In this file:


·         Europe must resist attempts to use coronavirus as a Trojan horse against animal agriculture

·         US OpEd: COVID-19 may accelerate changes to the meatpacking industry



Europe must resist attempts to use coronavirus as a Trojan horse against animal agriculture


By Professor Hans Nauwynck, Opinion, Euronews



Opinions expressed in View articles are solely those of the authors.


Of all the businesses and enterprises impacted by the coronavirus outbreak, Europe’s farms are among the most vulnerable – and the most essential. At a time when demand for safe, affordable food is spiking, the pandemic has restricted access to agricultural workers, as well as disrupting processing operations on livestock farms.


And on top of these pressures, farmers are also facing attempts to use COVID-19 to influence EU policy and undermine animal agriculture by falsely linking the outbreak with modern farming practices, which are often maligned and poorly understood.


From a business perspective, this is unhelpful, but from a scientific perspective, this is entirely misguided. Coronavirus - like SARS, Ebola and almost three quarters of infectious, animal-borne diseases - was not created on a farm, but most likely originated in wildlife.


In fact, early results indicate that neither pigs, chickens nor ducks can be infected with COVID-19, meaning that domesticated livestock are highly unlikely to be the route through which coronavirus reached people. Rather, livestock farms and farmers are more likely to be the victims of emerging diseases than the cause, and they manage these threats on a daily basis, making recent calls to limit livestock production unnecessary and counter-productive.


    Early results indicate that neither pigs, chickens nor ducks can be infected with COVID-19, meaning that domesticated livestock are highly unlikely to be the route through which coronavirus reached people.


    Professor Hans Nauwynck



Preventative veterinary medicine, such as vaccines, and biosecurity measures - indoor confinement, for instance - are increasingly effective at keeping animals across Europe safe from both existing and emerging diseases. In some ways, veterinary medicine has enjoyed greater success than human medicine at tackling disease, given many of these protective steps are easier to implement for animals than for humans, precisely because livestock are kept in numbers and in uniform conditions.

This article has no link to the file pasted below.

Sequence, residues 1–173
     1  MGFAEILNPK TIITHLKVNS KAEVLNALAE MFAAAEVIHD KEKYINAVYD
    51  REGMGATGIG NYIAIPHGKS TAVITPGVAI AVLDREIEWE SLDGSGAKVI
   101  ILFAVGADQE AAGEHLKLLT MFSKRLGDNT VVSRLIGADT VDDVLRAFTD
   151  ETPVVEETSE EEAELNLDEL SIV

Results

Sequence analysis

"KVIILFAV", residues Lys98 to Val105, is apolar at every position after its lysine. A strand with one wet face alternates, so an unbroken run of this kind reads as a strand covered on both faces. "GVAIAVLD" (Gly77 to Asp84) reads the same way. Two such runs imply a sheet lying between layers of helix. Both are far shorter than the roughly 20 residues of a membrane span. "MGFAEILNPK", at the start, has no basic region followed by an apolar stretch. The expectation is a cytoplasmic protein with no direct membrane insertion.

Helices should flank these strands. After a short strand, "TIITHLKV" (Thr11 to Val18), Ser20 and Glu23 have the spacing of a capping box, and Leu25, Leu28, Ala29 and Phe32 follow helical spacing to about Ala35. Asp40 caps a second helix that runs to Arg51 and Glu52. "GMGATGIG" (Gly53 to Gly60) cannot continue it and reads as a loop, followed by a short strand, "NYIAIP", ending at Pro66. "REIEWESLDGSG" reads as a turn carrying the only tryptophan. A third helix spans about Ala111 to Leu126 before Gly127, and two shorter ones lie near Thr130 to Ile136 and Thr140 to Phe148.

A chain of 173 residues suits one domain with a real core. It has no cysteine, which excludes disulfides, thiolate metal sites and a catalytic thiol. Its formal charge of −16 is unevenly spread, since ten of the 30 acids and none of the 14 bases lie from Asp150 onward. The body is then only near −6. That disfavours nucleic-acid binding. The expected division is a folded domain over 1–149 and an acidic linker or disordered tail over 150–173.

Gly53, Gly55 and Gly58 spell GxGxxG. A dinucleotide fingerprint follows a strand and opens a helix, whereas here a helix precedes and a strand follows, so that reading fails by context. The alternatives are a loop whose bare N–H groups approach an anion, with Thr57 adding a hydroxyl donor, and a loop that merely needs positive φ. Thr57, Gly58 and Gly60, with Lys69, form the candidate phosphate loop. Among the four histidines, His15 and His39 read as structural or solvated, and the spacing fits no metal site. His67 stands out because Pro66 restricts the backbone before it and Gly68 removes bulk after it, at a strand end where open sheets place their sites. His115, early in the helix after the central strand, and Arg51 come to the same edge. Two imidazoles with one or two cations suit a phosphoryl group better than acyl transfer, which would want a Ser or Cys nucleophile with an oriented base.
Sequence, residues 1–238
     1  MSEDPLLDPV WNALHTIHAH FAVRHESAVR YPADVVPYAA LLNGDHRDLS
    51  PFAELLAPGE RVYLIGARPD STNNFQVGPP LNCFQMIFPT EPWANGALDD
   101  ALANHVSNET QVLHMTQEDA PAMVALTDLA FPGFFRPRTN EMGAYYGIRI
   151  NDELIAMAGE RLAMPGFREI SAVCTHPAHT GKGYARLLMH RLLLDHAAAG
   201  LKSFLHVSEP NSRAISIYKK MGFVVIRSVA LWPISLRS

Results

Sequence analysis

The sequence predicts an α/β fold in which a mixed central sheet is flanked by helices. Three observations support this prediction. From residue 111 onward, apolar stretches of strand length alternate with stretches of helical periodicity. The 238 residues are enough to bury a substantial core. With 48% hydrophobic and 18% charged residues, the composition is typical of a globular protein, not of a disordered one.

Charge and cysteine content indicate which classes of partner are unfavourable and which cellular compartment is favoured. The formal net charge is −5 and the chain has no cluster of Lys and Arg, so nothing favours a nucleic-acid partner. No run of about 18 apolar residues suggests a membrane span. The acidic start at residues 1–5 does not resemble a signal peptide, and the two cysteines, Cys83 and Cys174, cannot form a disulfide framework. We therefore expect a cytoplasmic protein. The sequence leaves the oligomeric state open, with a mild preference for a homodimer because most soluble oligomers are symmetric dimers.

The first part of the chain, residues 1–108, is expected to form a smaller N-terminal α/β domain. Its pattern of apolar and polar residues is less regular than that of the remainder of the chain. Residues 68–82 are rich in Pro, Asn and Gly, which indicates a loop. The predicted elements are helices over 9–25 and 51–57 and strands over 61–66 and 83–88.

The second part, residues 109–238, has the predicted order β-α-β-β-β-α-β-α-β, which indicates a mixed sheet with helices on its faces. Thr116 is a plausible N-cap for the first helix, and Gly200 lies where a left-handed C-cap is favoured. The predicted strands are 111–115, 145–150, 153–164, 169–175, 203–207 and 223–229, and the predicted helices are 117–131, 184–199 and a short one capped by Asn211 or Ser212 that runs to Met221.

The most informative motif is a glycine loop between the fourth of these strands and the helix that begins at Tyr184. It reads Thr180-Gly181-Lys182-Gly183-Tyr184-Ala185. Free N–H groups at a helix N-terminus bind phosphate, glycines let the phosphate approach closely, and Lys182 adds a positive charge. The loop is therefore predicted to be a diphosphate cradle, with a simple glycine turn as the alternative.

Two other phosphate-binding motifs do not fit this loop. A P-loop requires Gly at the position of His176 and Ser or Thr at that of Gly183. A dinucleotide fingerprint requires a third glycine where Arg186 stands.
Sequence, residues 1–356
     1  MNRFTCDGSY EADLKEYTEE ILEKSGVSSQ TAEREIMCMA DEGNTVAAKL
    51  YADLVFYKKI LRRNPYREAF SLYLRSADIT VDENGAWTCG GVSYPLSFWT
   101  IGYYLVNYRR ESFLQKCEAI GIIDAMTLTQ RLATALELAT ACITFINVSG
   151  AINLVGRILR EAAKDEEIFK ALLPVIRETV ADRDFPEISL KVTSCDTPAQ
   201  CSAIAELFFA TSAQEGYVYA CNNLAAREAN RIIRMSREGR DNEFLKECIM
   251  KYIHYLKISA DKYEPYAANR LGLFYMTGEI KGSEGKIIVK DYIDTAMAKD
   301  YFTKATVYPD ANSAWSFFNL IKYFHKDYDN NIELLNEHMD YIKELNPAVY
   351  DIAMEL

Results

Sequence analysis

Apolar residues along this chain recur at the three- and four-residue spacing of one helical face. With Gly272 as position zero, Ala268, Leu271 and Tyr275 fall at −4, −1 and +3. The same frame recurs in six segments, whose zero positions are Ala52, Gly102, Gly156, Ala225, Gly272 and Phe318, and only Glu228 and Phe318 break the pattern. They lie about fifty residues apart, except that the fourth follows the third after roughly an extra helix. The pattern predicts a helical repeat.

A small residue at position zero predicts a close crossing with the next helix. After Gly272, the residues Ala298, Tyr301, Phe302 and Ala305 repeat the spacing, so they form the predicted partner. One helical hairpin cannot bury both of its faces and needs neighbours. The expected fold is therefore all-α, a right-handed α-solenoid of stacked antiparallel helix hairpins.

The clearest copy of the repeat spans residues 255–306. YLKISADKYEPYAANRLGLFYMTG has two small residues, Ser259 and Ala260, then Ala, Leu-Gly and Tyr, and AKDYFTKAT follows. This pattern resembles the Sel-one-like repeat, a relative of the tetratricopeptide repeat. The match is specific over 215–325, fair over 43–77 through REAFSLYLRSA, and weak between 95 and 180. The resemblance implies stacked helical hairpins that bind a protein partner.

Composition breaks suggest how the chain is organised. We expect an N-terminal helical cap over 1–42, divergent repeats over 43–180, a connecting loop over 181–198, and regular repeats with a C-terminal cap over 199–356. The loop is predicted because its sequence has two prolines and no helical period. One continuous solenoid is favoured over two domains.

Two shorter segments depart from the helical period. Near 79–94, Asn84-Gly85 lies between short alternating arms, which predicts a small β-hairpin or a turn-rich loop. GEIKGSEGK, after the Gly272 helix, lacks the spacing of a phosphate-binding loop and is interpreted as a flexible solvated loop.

Moreover, animal-source foods like meat, milk and eggs offer many benefits in terms of energy and nutrients as part of a balanced diet, and, in Europe at least, their safety is almost guaranteed thanks to rigorous animal health standards.


At the heart of Europe’s success in managing animal disease risk in recent years is vaccination, which can be carried out en masse to have maximum impact and produce herd immunity. Vaccination has allowed most European countries to control prevalent and endemic diseases, like porcine reproductive and respiratory syndrome and porcine circovirus-associated diseases.


    Human medicine can learn a lot from the way the livestock industry screens animals and compartmentalises regions to limit the spread of disease, only allowing movement of animals within an area designated as disease-free.


    Professor Hans Nauwynck



And, with additional biosecurity measures including improved hygiene and decontamination processes, it has even been possible to eradicate viruses like Aujeszky’s disease and hog cholera. When it comes to new animal diseases emerging from wild animals, such as African swine fever or avian flu, housing animals indoors with filtered ventilation systems can protect them from interactions with wildlife and the associated disease risk. Whilst this approach is often unfairly criticised, keeping animals indoors can be essential for protecting their health and well-being, in the same way that the lockdown has been vital for protecting people against coronavirus...